Source: 2013 Value and Pricing Consumer Trend Report, Technomic

Looking at specific efforts, around six out of 10 diners say they’re more likely to visit a restaurant that makes charitable donations of leftover food. Almost as many say they would also be willing to pay more for menu items at restaurants that make food donations. Consumers don’t mind the idea of restaurants promoting their food charity programs. In unaided recall, they were most likely to remember Panera Bread, McDonald’s, Applebee’s, Chili’s, Starbucks and local independent restaurants as donating food.

Waste disposal is another key issue. More than six out of 10 consumers believe that composting of organic waste is so important that it should be mandated by legislation. Recycling programs for non-food waste are also important to many and can be a strong traffic driver; 47% said they’d be more likely to visit a fast-casual restaurant if it offered recycling, and 43% said the same about fast-food restaurants and coffee cafés. Most of those consumers also said they’d be willing to pay more at restaurants that offered such programs, particularly coffee cafés.

Social responsibility initiatives can deepen a brand’s alignment with its customers and thus build sales, as leading restaurant marketers have attested. In a recent letter to shareholders, Panera Bread wrote “[The Live Consciously, Eat Deliciously initiative] is intended to drive a deeper affiliation between Panera and our customers, and we believe such an effort has the potential to deliver a greater, long-term return on investment from advertising than more promotional messaging.” And Starbucks CEO Howard Schultz said, “I think that the rules of engagement for a public company are changing…I believe strongly that there’s a new movement to recognize that we have to serve the communities, that’s about keeping the balance between profitability and social consciousness.”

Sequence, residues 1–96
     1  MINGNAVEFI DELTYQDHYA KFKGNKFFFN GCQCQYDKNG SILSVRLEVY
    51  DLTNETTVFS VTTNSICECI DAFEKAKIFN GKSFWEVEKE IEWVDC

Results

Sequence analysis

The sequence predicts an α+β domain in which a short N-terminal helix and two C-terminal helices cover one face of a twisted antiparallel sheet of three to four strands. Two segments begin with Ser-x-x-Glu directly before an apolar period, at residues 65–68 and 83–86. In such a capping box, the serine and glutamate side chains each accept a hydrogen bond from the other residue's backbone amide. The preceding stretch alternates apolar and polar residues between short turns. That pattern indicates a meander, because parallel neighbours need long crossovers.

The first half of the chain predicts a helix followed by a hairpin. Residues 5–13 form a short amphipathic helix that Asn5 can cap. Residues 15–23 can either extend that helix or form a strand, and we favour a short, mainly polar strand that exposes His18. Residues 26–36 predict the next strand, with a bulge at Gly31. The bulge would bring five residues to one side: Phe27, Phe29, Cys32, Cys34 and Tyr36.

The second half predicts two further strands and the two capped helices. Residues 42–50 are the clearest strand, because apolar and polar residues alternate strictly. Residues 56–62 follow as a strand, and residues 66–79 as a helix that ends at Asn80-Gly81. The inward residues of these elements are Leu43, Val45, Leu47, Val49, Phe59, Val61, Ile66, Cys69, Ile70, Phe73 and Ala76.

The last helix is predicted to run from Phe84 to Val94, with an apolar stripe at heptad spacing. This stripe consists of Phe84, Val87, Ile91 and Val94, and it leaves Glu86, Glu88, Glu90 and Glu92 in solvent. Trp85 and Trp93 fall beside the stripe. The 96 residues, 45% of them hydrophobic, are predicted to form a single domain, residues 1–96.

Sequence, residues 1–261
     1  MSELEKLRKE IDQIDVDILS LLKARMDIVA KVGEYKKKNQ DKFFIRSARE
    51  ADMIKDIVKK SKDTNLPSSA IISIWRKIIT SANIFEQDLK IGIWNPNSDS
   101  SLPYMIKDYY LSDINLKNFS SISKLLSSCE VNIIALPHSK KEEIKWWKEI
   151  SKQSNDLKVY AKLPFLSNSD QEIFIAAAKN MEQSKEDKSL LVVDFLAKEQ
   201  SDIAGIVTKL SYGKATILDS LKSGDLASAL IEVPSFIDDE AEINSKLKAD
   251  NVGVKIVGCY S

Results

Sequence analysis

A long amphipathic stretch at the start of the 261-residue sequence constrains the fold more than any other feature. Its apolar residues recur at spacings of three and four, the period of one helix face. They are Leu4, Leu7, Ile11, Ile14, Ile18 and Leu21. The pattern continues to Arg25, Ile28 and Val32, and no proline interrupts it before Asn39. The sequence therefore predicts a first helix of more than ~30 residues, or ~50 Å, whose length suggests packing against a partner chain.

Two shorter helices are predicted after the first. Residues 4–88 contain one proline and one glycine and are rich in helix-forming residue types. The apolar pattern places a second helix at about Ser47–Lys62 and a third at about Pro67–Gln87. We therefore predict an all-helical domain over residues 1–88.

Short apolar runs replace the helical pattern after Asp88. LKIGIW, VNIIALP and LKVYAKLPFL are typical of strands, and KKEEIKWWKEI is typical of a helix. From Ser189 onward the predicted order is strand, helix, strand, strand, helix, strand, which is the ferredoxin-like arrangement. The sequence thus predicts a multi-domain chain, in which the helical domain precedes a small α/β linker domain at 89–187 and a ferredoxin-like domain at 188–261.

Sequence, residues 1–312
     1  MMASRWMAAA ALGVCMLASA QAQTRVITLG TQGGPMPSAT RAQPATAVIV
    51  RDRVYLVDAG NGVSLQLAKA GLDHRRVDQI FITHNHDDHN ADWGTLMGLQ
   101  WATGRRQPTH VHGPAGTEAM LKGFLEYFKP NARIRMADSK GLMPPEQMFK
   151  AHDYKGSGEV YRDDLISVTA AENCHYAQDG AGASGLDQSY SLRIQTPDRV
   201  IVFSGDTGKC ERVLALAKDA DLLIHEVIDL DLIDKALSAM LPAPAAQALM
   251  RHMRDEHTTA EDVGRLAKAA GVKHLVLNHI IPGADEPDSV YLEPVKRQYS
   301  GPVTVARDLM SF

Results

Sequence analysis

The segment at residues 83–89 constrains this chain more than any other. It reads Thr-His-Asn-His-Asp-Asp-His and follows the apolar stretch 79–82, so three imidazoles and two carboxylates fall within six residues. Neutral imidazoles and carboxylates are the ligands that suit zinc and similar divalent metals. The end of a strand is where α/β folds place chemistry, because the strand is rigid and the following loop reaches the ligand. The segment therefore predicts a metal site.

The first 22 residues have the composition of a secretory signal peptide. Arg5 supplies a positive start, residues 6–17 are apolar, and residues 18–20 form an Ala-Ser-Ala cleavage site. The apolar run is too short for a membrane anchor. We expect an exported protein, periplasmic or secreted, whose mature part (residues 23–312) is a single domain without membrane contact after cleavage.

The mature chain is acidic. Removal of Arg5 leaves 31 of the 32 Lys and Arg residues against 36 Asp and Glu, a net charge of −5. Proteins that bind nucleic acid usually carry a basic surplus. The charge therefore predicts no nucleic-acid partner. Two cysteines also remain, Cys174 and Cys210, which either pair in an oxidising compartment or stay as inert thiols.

Case Study: Roti Mediterranean Grill

As part of the Socially Conscious Consumer session at Technomic’s Consumer Trends & Directions conference, Peter Nolan, chief brand officer of Roti Mediterranean Grill, an emerging fast-casual chain based in Chicago, spoke about how Roti makes social responsibility part of its brand positioning.

In the old days, Nolan said, healthy eating and socially responsible practices “didn’t work,” but now consumers—particularly younger generations—want to live in sync with their values. He argued that “real” trumps “wow.” Authenticity, transparency and trust are important, Nolan said. Initiatives must be true to the brand’s identity and the values of its executives and employees; socially responsible practices based on marketing research will come off as false. Roti—whose motto is “Food that loves you back”—chooses initiatives that are relevant to its healthy menu, such as in-restaurant cooking classes for low-income kids. Burger restaurant Meatheads, in contrast, supports high school football.

Nolan suggested that packaging is a great way to start. Roti replaced its disposable plates with compostable plates made from sugarcane fiber. Roti composts food waste and lets customers know it donates food to a food bank.

Today’s consumers associate fresh, organic, local and sustainable foods with quality. Nolan noted that smaller companies may believe their distributor wouldn’t supply these ingredients, but if a number of customers ask, the distributor may find a way to accommodate requests.

Finally, he suggested that companies make it a mission and get the word out. Patrons want to get personally involved in charitable activities. For example, if a restaurant is raising money for literacy, it can promote the initiative as giving customers a chance to teach people to read. Restaurants can promote their initiatives via integration with customer loyalty programs, email messages, social media, and even simple in-store signage.

Key Takeaways

Social responsibility can be multifaceted. Environmentally friendly sourcing, a community presence and other aspects may be important to different consumers when they are deciding which restaurant to visit. Consumers respond to and perceive value in social responsibility. A restaurant that’s seen as socially responsible has the opportunity to increase price thresholds as well as traffic.

Marketing opportunities are expanding. Restaurants should leverage the positive vocabulary of social responsibility, communicate their values and programs to their customers, and pursue long-term consumer engagement with social issues, rather than seeing them as mere promotional opportunities.